A key executive at Konami has said the company will "pursue mobile games aggressively" going forward, and that smartphones will be considered as its "main platform."
"Our main platforms will be mobiles," he began. "Gaming has spread to a number of platforms, but at the end of the day, the platform that is always closest to us is mobile. Mobile is where the future of gaming lies.
"With multiplatform games, there's really no point in dividing the market into categories anymore. Mobiles will take on the new role of linking the general public to the gaming world."
In recent Konami financial reports, Konami highlighted free-to-play design driven games as key areas of success for the company. Hayakawa said this strategy would be a key focus going forward.
"Following the pay-as-you-play model of games like Power Pro and Winning Eleven with additional content, our games must move from selling things like 'items' to selling things like 'features,'" he said.
"We saw with these games that even people who buy physical games are motivated to buy extra content. The success of Power Pro especially has motivated us to actively push more of our popular series onto mobile than ever before."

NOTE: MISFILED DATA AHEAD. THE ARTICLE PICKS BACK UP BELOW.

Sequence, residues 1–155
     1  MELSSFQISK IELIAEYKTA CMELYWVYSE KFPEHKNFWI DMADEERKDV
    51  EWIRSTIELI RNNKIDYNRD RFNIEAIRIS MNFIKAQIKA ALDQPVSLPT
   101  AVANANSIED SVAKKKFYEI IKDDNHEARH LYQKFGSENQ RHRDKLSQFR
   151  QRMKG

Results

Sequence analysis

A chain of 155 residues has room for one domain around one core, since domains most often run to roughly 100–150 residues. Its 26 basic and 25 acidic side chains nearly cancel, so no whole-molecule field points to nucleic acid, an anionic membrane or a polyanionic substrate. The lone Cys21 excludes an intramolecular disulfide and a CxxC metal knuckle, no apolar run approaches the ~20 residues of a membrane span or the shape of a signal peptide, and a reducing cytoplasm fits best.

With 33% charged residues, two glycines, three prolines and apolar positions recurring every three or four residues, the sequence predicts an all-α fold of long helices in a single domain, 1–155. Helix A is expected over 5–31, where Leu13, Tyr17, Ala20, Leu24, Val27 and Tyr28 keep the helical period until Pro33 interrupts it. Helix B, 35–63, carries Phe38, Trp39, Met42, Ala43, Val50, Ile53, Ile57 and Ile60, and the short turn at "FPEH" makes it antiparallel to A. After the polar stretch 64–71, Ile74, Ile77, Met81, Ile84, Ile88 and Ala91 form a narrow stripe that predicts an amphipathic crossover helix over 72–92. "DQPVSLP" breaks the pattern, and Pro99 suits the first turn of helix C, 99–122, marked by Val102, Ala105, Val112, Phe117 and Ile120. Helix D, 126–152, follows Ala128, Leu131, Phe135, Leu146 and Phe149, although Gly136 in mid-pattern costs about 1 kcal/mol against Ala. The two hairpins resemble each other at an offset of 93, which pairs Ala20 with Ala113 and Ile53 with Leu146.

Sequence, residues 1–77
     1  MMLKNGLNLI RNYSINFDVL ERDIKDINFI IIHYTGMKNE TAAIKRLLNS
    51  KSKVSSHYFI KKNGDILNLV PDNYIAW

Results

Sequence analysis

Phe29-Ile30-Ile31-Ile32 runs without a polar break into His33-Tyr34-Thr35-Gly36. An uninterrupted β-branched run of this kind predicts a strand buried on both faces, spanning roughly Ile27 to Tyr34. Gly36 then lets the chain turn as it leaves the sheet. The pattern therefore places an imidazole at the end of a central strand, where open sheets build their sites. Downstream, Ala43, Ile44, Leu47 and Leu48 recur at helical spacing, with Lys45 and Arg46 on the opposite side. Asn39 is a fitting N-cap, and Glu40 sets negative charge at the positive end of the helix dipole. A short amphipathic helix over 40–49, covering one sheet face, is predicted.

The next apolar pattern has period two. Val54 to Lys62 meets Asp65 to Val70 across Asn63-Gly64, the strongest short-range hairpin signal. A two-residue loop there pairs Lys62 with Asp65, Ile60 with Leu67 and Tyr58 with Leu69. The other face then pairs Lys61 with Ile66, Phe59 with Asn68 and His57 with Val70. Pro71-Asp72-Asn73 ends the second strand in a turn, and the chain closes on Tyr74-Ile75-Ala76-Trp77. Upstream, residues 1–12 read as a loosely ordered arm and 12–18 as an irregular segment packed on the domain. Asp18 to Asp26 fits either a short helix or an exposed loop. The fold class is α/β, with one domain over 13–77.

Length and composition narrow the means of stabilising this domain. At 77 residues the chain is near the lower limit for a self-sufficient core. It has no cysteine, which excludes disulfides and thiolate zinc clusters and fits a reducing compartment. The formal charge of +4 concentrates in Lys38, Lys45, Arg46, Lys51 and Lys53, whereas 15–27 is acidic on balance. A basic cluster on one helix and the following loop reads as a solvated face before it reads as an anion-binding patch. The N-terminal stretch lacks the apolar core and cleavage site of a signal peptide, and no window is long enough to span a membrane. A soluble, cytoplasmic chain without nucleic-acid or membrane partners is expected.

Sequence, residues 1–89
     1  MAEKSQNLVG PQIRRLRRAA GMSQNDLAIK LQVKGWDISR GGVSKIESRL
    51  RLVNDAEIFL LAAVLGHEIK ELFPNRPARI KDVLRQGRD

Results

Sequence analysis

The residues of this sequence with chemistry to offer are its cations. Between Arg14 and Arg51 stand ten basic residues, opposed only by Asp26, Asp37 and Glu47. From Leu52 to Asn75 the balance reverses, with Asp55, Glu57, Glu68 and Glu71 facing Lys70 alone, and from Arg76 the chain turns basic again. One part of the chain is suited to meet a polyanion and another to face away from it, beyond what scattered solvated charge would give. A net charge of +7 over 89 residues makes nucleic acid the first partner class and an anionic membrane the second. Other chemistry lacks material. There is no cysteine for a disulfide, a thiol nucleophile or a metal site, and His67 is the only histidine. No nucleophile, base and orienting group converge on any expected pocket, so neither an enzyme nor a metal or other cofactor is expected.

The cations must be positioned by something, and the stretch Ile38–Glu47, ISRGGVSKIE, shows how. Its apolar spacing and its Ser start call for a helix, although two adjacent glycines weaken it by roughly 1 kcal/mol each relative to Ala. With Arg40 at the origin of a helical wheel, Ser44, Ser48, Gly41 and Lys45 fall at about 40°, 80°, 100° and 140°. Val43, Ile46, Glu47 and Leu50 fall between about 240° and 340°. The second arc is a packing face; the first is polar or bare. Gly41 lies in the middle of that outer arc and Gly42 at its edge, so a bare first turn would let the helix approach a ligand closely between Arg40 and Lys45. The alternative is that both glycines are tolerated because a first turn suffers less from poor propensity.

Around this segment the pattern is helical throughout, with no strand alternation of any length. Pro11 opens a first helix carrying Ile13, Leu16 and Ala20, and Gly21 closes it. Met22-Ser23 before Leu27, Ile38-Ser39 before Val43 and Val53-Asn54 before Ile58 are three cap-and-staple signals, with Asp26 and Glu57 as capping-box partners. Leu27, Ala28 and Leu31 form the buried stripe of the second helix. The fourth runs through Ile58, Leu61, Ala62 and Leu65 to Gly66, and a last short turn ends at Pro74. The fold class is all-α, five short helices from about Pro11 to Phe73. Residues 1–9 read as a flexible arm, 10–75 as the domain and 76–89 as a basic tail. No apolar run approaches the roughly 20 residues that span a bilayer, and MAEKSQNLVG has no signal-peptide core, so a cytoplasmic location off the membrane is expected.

It's important to note that Hayakawa was being interviewed for a business-focused publication, and as such, it is in his interest to buoy the area of his company's operation that has shown to be the most successful in Japan.
Additionally, the Japanese market has already largely shifted to be mobile-oriented, with even the biggest console game developers creating experiences tailored for mobile devices, as evidenced by Nintendo's recent move towards the market.
Nintendo's entered into a deal with the global mobile games publisher DeNA to create "new gaming applications featuring Nintendo IP, which [both companies] will develop specifically for smart devices."
In previous earnings reports, Konami has mentioned its intention to expand its mobile game operation multiple times. Although Hayakawa's latest quotes aren't a surprising new statement of intentions, they do serve as the most direct example of Konami's diminishing interest in consoles.
Elsewhere in the interview, Hayakawa said the company hopes "that our overseas games such as Metal Gear Solid V: The Phantom Pain and Winning Eleven continue to do well, but we are always thinking about how to push our franchises onto mobile there, too."
It is expected that Metal Gear maestro Hideo Kojima will leave Konami when the latest entry in the series is out.
The Kojima Productions logo was also removed from the Silent Hills/P.T. website, before Silent Hills was outright cancelled.
Read GameSpot's The State of Konami feature for a detailed exploration of the current state of the company.